TPP proponents face a tough crowd this election season

Aug 24, 2016
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With Hillary Clinton and Donald Trump both opposing the TPP in its present form, the pact has become a political football in this election season. NICHOLAS KAMM/AFP/Getty Images

TPP proponents face a tough crowd this election season

Aug 24, 2016
With Hillary Clinton and Donald Trump both opposing the TPP in its present form, the pact has become a political football in this election season. NICHOLAS KAMM/AFP/Getty Images
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Trade deals are rarely popular in election years but this year they seem to be extra unpopular.  Mr. Trump appears opposed to most of the U.S. trade deals up to this point and both he and Secretary Clinton oppose the Trans Pacific Partnership.  That complicates the efforts to get the thing passed, even as President Obama has said he would make a push for the deal after the election. 

“It’s really dialed up the pressure to pass the thing in the lame duck session,” said Jared Bernstein, senior fellow at the Center on Budget and Policy Priorities.  “So I think what they’re doing is plying a lot of backdoor channels to try to get legislators to support them once the election’s over,” he said.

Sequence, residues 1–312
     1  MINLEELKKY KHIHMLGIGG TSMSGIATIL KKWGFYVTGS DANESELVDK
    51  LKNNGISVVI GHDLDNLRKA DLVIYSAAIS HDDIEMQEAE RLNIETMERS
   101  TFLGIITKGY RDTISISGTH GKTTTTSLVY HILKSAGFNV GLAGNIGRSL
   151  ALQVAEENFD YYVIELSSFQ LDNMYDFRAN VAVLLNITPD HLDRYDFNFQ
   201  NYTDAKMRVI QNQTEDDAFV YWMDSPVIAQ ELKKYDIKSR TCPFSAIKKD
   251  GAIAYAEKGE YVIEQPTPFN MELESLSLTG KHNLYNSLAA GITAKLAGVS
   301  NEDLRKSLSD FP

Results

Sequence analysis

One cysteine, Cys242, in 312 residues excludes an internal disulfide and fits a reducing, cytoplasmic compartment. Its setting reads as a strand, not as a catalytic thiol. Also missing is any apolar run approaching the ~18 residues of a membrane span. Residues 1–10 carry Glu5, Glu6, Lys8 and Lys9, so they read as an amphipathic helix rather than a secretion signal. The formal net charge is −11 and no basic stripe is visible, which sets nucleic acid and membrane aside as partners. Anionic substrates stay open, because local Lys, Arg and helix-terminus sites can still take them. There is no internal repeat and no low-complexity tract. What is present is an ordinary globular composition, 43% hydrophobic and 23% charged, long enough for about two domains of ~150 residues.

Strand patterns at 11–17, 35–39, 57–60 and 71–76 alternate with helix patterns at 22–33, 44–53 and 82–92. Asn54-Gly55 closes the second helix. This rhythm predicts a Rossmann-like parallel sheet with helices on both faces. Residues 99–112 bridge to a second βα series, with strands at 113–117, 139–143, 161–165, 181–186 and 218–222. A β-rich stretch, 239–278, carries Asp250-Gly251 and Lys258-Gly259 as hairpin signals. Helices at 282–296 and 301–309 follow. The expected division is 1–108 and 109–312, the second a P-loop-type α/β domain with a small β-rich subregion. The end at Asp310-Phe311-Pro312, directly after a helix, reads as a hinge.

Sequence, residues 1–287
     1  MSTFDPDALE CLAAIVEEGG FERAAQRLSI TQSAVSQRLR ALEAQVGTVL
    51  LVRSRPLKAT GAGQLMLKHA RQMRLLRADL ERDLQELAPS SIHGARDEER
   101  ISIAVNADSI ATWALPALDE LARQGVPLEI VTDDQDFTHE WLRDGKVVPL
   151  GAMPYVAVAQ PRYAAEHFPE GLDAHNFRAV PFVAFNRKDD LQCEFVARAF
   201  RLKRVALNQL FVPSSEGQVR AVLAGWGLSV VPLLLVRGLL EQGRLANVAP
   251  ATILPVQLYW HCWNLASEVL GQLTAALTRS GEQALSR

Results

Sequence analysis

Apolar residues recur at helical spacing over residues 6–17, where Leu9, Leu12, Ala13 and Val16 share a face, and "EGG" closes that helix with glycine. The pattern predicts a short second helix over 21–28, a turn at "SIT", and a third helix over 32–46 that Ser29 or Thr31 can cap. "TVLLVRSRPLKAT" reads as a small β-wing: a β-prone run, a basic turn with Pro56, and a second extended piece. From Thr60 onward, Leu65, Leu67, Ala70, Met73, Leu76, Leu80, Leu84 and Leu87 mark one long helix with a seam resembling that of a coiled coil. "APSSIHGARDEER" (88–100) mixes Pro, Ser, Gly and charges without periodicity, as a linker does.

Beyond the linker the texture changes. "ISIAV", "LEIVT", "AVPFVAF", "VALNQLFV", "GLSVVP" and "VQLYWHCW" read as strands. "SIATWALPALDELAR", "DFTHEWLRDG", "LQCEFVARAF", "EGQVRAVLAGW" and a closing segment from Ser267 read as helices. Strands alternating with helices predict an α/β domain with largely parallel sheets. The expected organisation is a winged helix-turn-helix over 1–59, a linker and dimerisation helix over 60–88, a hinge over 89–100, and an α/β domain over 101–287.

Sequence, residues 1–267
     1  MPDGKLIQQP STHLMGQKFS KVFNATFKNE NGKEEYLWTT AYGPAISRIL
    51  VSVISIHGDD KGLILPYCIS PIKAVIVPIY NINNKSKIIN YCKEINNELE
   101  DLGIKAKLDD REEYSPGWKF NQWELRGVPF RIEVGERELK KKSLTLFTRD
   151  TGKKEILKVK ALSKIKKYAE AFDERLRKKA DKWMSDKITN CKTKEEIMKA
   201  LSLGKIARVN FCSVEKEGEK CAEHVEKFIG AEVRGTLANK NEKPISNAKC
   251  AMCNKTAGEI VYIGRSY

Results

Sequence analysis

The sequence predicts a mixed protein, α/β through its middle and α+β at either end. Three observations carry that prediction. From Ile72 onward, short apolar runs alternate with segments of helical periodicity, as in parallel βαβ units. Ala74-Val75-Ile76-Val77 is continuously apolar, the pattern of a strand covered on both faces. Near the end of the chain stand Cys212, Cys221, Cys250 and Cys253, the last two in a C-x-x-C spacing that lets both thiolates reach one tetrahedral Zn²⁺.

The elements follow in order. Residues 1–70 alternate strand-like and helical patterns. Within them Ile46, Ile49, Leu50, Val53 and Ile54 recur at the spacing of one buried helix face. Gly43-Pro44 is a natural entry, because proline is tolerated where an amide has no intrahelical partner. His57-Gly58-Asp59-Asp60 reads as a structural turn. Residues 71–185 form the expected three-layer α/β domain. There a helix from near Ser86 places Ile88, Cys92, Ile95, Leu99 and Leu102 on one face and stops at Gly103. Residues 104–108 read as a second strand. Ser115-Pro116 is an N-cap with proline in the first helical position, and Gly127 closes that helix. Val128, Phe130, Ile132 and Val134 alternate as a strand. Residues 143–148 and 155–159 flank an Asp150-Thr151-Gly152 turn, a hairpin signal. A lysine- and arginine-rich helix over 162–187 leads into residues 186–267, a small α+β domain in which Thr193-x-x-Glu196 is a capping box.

Agricultural producers are pushing representatives of rural areas hard in favor of passage. Dale Moore, executive director for public policy at the American Farm Bureau Federation said some Americans have a lot to gain from the TPP, and he’s making that as clear as possible to lawmakers.  

“When its fully implemented , we’re looking at an increase of cash receipts for farmers and ranchers of nearly $8.5 billion annually, we’re seeing about $5.3 billion increase in net exports for agriculture,”  he said.

Even so, the political atmosphere isn’t helping the case.  

“The persistent rhetoric, the fact there’s no support at the top of either ticket, has made it very difficult for senators who are up for reelection to embrace the TPP,” said Dan Ikenson with the Cato Institute.

Republicans who would be president Obama’s allies on the TPP have been turned off, said Ikenson, by concessions the president made in TPP negotiations to attract some democrats.  President Obama reduced certain protections for tobacco, pharma, and finance industries.   

“He didn’t win any democratic support at all from that move and he lost a lot of republican support, it backfired,” said Ikenson.

Both Ikenson and Bernstein – on opposite sides of the TPP debate —  said they believe arguments for passage may now increasingly emphasize the geopolitics of the deal.

“This is the idea that if we don’t make the rules then China will, and will dominate Asian markets,” said Bernstein.

Just how compelling this and other arguments prove to be will be determined most likely sometime between election day and the end of the year. 

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